What are the benefits of making our cities car-free?

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Cars have fundamentally altered how we commute to work or school, how we travel in general, as well as how cities are laid up. Nowadays, modern urban centers are mostly dominated by cars. However, many European cities have made efforts to overcome this.

In an effort to reposition urban areas away from automobiles and toward public transportation, cycling, and walking, European cities once again have the opportunity to take the lead in this revolution.

Numerous studies have proven the negative effects of cars on the quality of life in cities. Fossil fuel use is the main tenet of the compelling argument against cars, which is supported by a number of other factors. 

According to World Health Organization (WHO) data, nearly all of the world’s population (99 percent) breathes air that has high levels of pollutants and exceeds WHO guideline limits, with low- and middle-income countries seeing the worst exposures. Cities appear to have the worst air pollution, which is a result of a combination of pollutants from industry, construction, and traffic.

However, when we talk about the problems associated with cars and cities, the list of downsides is much longer. Naturally, cities are settlements where large numbers of people live together and close to each other, leaving little room for cars. There is the space that individual cars require, as well as parking space. Cities could add more housing, parks, or other green spaces and just become livable if they could return even a tiny percentage of this land from automobiles.

Cities or neighborhoods without cars are bound to have less noise and air pollution. Furthermore, the move would certainly encourage people to move more and become more physically active. Another significant reason for communities to give up cars is to boost overall safety and public health.

One of the cities which already made a major move in this direction was Oslo. Today, a significant amount of the Norwegian capital Oslo is car-free, especially in and around important areas like parks and schools. A big step toward Oslo’s goal of a car-free city center has reportedly been made with the replacement of more than 700 parking spaces in the city’s core district with bike lanes, vegetation, tiny parks, and benches, according to Fast Company.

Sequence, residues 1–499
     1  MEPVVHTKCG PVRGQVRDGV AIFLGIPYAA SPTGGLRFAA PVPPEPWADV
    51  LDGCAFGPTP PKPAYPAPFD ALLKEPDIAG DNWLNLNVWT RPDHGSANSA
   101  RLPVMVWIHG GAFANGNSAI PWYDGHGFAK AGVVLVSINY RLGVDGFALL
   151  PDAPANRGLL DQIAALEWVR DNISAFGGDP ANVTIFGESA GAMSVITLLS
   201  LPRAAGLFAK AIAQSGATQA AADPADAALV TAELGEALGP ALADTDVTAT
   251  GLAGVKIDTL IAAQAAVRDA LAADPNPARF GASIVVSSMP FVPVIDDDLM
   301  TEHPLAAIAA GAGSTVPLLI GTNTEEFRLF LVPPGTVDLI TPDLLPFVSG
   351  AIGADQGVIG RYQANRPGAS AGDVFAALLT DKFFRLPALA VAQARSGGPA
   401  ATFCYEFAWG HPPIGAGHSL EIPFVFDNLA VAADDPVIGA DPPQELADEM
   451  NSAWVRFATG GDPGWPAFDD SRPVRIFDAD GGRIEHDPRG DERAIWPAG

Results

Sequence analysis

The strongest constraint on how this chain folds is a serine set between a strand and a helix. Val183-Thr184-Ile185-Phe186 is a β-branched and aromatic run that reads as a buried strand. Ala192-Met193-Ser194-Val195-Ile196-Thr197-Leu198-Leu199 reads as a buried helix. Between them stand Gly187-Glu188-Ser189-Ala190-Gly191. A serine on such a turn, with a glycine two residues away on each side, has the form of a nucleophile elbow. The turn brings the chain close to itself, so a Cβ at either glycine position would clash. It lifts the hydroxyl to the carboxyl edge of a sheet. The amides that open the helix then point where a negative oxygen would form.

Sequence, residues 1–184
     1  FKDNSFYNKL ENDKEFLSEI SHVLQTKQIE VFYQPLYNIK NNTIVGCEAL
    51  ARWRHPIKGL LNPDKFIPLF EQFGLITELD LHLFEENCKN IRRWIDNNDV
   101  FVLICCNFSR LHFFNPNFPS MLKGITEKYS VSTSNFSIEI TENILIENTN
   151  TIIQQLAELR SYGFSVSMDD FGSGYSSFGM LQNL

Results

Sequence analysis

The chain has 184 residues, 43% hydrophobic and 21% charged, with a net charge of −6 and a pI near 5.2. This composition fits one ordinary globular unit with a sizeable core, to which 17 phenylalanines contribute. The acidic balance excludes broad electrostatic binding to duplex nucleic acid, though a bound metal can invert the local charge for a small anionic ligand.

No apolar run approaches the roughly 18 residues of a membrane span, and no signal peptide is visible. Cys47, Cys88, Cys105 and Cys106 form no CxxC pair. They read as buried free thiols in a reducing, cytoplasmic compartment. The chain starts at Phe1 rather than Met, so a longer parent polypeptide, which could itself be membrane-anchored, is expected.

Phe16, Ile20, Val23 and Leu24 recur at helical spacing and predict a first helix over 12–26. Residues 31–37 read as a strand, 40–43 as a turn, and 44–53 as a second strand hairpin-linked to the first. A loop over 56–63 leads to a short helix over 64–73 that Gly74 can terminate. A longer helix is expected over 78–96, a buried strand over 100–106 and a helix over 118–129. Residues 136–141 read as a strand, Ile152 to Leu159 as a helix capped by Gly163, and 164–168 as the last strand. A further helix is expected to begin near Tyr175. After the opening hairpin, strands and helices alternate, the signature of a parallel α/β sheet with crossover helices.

According to URBANET, there are a number of European cities that have a vision of becoming car-free in the near future. The biggest obstacles will be converting the current infrastructure of European cities, which was mostly built for cars, into infrastructure for active and public transportation, as well as changing people’s perceptions, attitudes, and behaviors.

Last year, Euronews conducted a survey among its 30000 social network followers to find out which European city or street they would most like to see pedestrianized. The UK capital London, and more specifically Oxford Street, turned out to be the most popular answer. Another widely chosen location in the poll was Athens, the capital of Greece.

We must take action to reduce our existing reliance on cars if we want to assure sustainable cities everywhere. Reducing our reliance on gasoline-powered vehicles would improve our cities’ future while also benefiting the environment and each of us personally. 

That is why one of the most important goals of mayors should be to encourage biking and walking while trying to limit the use of cars, which would contribute to more sustainable transportation systems and more livable cities.

(Photo credit: Markus Spiske / Unsplash)